BTW, there's technically no such thing as "sushi grade" fish. By that I mean, there's no standard for what determines whether or not something is labeled "sushi grade," no tracking by the FDA, and no penalty built in to incorrectly claiming your product qualifies. Chicken of the Sea could claim their tuna was sushi grade with no repercussions whatsoever. It's kinda the sushi equivalent of claiming food is "all natural," it simultaneously allows you to increase your price while telling the consumer literally nothing about the product, but allowing him/her to feel better about the purchase.
« Last Edit: February 24, 2012, 06:26:29 AM by shedinator »

dancedancekj

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Re: Learn to cook a restaurant meal
« Reply #10 on: February 24, 2012, 07:52:05 AM »
I agree, which is why I don't like to eat out all that much. There are a few exceptions to this in my opinion.

1. Foods which are impossible or very very difficult to prepare properly without the investment of expensive gadgets. Sushi is the prime example - I would rather spend the few dollars to go and enjoy sushi every once in a while as opposed to searching for sushi grade fish, freezing it properly, and monitoring myself for liver flukes.

Sushi's actually REALLY easy, and a whole lot cheaper when you make it yourself. Rather than worrying about finding and properly freezing the fish, I purchase fresh (never frozen or flash frozen) fish the day I'm going to make it. Last time, I tossed together 120 pieces (60 salmon, 60 tuna) for just under $25 in materials ($11 for each pound of fish, less than $1 for the rice, $2 for the seaweed and other sticky rice ingredients), or $0.21/piece. According to local menus, the least we would pay eating out is $0.50/piece, with most places being closer to $0.75-1.25. So the first time I made it, I'd already paid for the bamboo, and by the second time the knife was covered as well. Plus, a pound of fish makes so much sushi, you can't help but invite friends over when you make it, which usually means free alcohol and dessert :).

BTW, there's technically no such thing as "sushi grade" fish. By that I mean, there's no standard for what determines whether or not something is labeled "sushi grade," no tracking by the FDA, and no penalty built in to incorrectly claiming your product qualifies. Chicken of the Sea could claim their tuna was sushi grade with no repercussions whatsoever. It's kinda the sushi equivalent of claiming food is "all natural," it simultaneously allows you to increase your price while telling the consumer literally nothing about the product, but allowing him/her to feel better about the purchase.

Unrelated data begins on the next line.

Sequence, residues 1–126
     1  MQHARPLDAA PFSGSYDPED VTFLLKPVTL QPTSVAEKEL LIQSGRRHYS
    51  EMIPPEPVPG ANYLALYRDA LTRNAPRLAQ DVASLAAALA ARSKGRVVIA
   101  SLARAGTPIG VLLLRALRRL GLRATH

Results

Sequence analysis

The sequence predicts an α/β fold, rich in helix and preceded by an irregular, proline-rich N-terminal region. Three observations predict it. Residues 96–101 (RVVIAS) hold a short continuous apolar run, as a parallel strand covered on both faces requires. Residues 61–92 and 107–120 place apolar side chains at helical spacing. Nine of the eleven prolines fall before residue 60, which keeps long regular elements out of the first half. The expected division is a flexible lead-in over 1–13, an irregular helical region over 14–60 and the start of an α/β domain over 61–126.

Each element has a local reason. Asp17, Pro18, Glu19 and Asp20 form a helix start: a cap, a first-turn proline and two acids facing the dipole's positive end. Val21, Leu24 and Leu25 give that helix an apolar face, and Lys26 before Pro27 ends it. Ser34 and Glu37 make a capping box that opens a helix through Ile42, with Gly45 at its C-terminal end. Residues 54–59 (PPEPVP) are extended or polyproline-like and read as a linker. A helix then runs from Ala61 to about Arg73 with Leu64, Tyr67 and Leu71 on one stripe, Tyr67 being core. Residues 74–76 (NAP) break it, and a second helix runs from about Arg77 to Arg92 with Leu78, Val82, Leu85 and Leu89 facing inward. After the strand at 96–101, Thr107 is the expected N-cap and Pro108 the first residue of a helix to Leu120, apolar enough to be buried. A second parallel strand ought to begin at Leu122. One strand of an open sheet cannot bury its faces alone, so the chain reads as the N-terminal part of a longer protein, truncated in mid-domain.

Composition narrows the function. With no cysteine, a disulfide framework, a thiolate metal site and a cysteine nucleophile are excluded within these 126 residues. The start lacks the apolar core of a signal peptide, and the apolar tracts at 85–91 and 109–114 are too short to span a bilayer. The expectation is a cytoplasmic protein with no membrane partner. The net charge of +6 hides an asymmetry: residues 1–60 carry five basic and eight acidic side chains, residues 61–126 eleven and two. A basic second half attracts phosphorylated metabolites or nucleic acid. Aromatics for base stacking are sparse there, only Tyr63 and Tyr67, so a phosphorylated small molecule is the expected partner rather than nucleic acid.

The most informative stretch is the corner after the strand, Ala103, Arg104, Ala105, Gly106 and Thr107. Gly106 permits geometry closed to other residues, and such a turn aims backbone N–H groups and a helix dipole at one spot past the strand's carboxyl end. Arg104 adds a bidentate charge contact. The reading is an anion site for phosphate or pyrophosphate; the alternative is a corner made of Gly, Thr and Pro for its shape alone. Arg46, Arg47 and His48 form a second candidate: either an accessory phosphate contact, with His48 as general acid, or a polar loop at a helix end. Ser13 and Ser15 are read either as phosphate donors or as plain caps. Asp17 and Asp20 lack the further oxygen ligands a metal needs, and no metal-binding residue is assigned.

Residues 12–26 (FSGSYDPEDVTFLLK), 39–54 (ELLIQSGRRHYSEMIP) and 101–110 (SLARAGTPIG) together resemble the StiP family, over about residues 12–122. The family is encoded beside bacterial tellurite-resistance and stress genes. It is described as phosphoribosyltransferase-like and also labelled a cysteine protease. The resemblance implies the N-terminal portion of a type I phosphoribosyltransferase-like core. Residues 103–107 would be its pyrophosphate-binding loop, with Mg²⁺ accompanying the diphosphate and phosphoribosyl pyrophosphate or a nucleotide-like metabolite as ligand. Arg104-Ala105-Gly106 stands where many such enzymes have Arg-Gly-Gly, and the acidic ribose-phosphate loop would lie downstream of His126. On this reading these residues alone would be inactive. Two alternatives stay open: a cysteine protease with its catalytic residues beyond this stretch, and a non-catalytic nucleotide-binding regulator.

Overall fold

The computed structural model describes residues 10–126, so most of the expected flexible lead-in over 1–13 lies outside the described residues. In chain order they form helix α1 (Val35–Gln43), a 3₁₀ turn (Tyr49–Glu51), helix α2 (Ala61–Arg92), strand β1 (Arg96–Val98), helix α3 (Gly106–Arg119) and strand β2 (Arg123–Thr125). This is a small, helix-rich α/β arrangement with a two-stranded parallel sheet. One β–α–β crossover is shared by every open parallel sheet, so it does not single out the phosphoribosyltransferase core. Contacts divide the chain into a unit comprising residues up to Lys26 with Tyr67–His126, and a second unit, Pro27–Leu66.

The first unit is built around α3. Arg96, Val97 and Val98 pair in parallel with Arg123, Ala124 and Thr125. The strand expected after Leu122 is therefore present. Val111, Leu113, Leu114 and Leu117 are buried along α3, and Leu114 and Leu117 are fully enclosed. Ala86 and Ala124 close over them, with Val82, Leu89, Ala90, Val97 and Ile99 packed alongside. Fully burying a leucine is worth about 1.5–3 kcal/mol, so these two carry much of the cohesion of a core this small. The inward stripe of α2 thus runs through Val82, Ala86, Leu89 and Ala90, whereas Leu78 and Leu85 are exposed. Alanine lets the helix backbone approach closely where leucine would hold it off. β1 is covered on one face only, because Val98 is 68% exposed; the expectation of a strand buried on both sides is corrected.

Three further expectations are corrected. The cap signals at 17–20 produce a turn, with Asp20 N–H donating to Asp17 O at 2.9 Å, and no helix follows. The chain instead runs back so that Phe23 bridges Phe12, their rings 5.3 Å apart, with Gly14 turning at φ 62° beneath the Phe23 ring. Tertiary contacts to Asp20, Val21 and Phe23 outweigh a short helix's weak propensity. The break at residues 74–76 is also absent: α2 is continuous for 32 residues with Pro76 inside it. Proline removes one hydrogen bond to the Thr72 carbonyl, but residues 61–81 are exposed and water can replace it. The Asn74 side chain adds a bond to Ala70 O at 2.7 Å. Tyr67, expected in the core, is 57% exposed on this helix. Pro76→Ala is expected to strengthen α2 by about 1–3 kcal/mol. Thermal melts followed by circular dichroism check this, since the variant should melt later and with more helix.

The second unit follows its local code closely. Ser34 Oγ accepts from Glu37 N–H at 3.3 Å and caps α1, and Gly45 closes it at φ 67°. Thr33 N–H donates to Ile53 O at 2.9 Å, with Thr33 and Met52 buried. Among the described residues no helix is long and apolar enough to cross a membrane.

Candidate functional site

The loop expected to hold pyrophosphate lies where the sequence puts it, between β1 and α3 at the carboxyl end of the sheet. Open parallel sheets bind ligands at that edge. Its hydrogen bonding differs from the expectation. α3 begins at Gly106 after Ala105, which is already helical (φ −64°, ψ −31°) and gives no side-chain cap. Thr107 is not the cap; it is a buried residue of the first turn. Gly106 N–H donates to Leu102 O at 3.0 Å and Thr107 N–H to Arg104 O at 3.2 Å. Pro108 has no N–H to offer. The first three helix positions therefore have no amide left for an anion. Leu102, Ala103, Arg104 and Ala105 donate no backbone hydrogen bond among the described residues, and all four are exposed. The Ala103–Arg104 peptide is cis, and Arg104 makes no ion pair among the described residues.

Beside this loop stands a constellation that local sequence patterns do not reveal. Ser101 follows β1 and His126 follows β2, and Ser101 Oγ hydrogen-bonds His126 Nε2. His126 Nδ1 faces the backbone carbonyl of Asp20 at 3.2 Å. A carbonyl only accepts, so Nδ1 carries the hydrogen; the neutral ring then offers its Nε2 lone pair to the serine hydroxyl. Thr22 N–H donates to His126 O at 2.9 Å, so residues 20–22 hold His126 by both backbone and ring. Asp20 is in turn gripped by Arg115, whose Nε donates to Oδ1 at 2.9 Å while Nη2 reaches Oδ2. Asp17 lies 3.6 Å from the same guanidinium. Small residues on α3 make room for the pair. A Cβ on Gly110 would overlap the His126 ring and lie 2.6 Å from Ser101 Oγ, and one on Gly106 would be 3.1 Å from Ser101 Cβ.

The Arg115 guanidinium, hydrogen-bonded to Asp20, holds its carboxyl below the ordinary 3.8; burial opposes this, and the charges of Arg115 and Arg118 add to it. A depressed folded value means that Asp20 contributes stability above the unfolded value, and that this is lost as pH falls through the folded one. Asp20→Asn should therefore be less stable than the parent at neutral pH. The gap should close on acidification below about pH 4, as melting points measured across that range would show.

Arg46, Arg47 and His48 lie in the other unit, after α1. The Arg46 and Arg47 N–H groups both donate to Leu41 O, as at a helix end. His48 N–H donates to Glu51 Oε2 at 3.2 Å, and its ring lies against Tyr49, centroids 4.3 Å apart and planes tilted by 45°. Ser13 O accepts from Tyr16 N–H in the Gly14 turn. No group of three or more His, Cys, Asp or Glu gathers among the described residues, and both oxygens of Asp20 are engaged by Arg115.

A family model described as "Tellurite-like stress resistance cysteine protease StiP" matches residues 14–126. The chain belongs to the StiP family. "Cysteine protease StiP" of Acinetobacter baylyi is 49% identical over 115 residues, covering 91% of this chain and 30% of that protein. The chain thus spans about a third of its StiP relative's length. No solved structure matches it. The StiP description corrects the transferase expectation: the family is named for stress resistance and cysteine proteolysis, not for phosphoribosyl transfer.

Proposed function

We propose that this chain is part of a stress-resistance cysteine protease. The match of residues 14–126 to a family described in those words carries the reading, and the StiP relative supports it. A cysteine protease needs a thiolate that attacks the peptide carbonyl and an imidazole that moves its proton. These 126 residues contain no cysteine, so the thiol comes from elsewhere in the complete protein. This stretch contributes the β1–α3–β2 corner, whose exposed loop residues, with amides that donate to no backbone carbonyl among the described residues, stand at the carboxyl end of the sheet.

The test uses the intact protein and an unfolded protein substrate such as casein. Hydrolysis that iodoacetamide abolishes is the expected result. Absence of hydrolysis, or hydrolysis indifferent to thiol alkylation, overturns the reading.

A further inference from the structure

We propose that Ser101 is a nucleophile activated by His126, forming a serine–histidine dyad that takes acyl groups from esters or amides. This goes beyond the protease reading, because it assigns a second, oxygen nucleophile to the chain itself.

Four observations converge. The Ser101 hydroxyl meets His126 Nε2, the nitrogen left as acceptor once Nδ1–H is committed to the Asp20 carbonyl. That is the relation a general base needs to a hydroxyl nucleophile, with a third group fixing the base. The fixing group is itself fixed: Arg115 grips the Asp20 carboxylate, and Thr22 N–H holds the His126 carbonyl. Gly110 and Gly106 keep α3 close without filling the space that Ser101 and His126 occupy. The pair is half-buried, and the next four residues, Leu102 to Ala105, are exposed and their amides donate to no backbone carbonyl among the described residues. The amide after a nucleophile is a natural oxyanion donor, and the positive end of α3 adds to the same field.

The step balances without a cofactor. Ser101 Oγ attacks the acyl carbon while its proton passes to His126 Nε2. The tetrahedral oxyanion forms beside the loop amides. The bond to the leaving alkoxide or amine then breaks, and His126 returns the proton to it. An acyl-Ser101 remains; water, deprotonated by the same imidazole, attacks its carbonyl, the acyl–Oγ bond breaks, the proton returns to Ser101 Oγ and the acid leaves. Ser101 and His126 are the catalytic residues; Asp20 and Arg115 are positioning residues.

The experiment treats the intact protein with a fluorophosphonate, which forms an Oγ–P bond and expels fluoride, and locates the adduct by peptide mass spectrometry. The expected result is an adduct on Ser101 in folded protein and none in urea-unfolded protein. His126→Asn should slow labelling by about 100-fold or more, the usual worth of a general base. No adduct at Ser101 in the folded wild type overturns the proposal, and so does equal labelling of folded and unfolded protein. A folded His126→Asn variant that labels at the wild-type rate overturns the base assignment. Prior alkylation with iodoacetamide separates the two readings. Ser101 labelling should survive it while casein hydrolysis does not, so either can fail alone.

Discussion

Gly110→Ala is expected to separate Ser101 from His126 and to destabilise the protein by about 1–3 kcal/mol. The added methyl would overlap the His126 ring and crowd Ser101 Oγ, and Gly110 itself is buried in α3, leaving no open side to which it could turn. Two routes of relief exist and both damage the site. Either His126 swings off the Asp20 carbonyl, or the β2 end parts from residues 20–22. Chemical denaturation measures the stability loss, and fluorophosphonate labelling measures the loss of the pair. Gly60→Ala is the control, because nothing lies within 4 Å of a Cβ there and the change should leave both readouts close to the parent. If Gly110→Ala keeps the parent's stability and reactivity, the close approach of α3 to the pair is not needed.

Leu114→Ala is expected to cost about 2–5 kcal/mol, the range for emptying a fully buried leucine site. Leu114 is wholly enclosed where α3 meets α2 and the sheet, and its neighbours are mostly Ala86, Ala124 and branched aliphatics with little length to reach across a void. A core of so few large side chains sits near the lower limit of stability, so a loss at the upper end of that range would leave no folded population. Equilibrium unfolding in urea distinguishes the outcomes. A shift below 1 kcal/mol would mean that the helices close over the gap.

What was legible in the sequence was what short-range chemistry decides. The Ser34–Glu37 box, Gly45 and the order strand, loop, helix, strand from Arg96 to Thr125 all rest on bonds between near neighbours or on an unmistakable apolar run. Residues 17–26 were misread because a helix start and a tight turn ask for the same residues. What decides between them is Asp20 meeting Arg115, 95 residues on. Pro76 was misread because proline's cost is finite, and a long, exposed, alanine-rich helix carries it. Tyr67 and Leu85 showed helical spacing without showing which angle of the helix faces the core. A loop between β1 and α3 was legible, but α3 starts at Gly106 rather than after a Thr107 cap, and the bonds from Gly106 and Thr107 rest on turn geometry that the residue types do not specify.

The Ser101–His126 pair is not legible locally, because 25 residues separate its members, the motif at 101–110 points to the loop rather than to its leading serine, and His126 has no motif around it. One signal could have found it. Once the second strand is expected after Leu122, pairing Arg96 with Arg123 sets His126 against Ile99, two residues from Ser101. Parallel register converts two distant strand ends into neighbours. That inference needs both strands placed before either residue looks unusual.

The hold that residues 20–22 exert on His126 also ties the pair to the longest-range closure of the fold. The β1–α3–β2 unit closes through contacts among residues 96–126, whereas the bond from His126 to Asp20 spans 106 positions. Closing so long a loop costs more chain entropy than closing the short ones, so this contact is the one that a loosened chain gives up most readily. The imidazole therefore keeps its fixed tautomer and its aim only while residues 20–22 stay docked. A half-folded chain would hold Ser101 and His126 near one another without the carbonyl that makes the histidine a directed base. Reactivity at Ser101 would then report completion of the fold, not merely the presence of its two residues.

Wow, I didn't know it would work out like that in terms of pricing. Interesting... may I ask where you buy your fish? Note that I'm kind of landlocked in the Midwest, I don't know if that would make any difference in terms of sourcing

shedinator

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Re: Learn to cook a restaurant meal
« Reply #11 on: February 24, 2012, 08:57:12 AM »
Wow, I didn't know it would work out like that in terms of pricing. Interesting... may I ask where you buy your fish? Note that I'm kind of landlocked in the Midwest, I don't know if that would make any difference in terms of sourcing

Local grocery store, or fish market in the summer (living on the coast means low prices when things are "in season"). But I live on the East Coast, and I've used salmon from the Northwest on sale at around 11-13/lb, so I don't see why you couldn't find similar prices. If you cut the fish as small as most books will recommend, a pound of fish can easily yield 50-60 pieces of sushi, so if you're just making it for your family, and don't need 2-3 different fish varieties, you can make a few rolls out of a half pound of fish (I'd recommend starting with Tuna Nigiri, as it's easiest/simplest) and it'll probably end up costing you less than ordering pizza. Of course, it's a 2-3 hour process the first time you try, and there's no "fix it and forget it" method, so make sure you have the time to produce a quality meal if you're going to give it a shot.

valueindexer

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Re: Learn to cook a restaurant meal
« Reply #12 on: February 29, 2012, 03:57:52 PM »
It's actually rather funny... My husband decided to learn to cook (by reading cookbooks from the library and watching cooking shows on PBS) and is now a better cook than I ever was. We don't eat out often because he can cook better than most restaurants anyway.

I've gotten to a point where most restaurants are a disappointment as well, and it's just a few years ago that I was producing Blackened Charred Crispy Something-Burnt (rare on the inside). Going to an actual good restaurant tends to be a lot more expensive, although we've found a few interesting and cheap ones. But it takes longer to go to a restaurant than to cook many meals. The main thing they have going for them is not having to make any decisions (actually you have to choose a restaurant, choose what you want, and then get everyone to agree).